Thankful for Those Before Us

Updated: Apr 18

Recognizing historic women who blazed the path for women in construction.

Due to the nature of this week, I feel like we should all take a few minutes to learn about and thank some of the amazing women who fought diversity in order to blaze a path for all of us women to walk in.


After doing research on women welders, I found that the road for women to weld in every country was a new battle. All of the information below was taken from the listed articles if you feel like digging deeper into these ladies lives.


To put some of this information into perspective the most known iconic movement was during WWII in the US - often known for “Rosie the Riveter” but women actually started welding 24 years earlier in 1918.


Sarah A. Erwin was actually the very first female to be engaged in shipyard construction. She was first tested with electrical welding and did so well, the shipyard opened up 30 additional welding positions specifically for females. This was the start of women fixing bad welds in the shop on-site. Now, to even qualify to be tested the women had to fit certain criteria. Here's some of the criteria: must be between the ages of 24 and 35, they had to be “healthy and robust”.... You can interpret that how you will… I see myself as healthy and robust. The ads for women in industrial positions also included the following, “Women of poise and character only wanted”. This movement encouraged women and provided the validation that they were meant to more and were far more capable than which they had been given credit for in the past.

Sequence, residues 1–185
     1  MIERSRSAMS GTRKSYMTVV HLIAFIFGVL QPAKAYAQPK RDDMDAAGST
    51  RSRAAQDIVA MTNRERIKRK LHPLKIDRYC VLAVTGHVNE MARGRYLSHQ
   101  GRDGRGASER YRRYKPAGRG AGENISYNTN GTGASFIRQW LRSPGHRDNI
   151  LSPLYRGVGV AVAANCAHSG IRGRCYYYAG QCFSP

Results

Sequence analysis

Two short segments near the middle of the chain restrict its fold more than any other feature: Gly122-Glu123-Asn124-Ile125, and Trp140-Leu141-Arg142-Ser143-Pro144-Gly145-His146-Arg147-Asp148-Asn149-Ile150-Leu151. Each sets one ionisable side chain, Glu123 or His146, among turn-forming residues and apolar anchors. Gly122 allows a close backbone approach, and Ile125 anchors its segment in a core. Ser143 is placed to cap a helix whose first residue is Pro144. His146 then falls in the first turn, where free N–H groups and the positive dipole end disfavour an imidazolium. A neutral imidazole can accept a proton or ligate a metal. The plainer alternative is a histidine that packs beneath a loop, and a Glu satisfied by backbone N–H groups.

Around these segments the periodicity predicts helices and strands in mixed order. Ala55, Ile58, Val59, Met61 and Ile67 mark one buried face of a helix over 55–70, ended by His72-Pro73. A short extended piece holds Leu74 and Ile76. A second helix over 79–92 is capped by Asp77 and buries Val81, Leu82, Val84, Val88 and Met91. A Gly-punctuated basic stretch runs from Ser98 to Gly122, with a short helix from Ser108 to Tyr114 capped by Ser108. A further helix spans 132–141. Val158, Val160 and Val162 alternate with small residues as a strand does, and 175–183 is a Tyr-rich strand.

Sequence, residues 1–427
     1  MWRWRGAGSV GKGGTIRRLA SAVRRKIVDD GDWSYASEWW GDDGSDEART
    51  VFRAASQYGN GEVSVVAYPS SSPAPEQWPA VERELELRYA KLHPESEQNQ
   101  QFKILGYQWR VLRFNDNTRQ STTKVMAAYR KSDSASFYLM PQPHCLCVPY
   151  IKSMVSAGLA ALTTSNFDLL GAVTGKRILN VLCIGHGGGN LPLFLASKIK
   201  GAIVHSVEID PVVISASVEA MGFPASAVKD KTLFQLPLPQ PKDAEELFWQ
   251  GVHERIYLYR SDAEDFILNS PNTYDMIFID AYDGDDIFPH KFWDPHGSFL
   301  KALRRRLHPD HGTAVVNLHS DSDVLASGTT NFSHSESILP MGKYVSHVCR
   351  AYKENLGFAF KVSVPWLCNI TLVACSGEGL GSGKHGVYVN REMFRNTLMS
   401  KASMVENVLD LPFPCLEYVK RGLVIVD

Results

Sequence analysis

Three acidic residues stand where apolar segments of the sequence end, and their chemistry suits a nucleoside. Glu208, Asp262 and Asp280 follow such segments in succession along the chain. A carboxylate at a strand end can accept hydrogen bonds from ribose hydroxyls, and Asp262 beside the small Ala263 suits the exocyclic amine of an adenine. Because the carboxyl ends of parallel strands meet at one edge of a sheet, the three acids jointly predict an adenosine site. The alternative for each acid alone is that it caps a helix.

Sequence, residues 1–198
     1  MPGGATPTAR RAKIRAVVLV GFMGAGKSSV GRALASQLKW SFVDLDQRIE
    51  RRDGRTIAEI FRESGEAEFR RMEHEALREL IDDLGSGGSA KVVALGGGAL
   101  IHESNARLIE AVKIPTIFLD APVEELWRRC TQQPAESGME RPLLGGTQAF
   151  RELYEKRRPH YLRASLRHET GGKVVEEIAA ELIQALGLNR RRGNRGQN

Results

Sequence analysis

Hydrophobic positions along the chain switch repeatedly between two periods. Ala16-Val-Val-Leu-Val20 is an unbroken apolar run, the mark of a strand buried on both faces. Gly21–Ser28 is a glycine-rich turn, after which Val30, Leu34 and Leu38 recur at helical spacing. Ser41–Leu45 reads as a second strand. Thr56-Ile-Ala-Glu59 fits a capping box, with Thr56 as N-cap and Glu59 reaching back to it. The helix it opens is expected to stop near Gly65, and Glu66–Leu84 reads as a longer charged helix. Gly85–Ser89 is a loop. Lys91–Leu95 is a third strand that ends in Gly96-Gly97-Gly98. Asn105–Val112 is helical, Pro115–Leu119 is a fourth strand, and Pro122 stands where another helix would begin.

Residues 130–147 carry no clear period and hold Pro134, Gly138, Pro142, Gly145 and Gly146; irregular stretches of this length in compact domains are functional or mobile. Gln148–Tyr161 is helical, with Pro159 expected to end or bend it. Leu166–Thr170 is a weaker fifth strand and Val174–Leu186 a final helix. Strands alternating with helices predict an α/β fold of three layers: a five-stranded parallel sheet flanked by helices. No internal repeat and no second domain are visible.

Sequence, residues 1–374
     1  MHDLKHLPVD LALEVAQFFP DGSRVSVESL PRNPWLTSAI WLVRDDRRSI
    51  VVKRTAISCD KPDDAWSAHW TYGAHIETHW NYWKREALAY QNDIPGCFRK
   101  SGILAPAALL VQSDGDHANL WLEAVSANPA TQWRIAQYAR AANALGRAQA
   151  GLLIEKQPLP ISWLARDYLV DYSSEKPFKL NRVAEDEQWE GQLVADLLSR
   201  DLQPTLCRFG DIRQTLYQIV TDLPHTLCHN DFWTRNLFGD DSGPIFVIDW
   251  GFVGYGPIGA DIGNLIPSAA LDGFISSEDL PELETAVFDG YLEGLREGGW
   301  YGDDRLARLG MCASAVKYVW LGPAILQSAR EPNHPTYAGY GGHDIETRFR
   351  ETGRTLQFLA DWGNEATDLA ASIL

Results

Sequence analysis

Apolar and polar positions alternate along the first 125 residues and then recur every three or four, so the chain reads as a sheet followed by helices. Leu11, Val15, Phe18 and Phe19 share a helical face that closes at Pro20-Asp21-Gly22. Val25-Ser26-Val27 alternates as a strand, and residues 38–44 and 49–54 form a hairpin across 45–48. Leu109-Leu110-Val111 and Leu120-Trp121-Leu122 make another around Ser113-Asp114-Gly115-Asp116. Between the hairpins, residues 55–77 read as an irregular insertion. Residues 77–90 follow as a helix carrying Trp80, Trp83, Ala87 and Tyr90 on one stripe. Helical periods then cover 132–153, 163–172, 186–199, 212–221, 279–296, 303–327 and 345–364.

Here's some of the criteria: must be between the ages of 24 and 35, they had to be “healthy and robust”....


I’m 1942 Florence Joyce took up welding in the Fore River Shipyard. In a time of war, many jobs typically held by men were vacated and left empty. Strong independent women often found themselves filling these roles. From professional sports to building ships. Flo along with around approximately 2000 other women were the first “Winnie Welders”. Hiring women as welders led the shipyard to hire women for burners, painters, and everything else. But being the first always comes with it’s disadvantages and despite the work being hard and dangerous she loved it.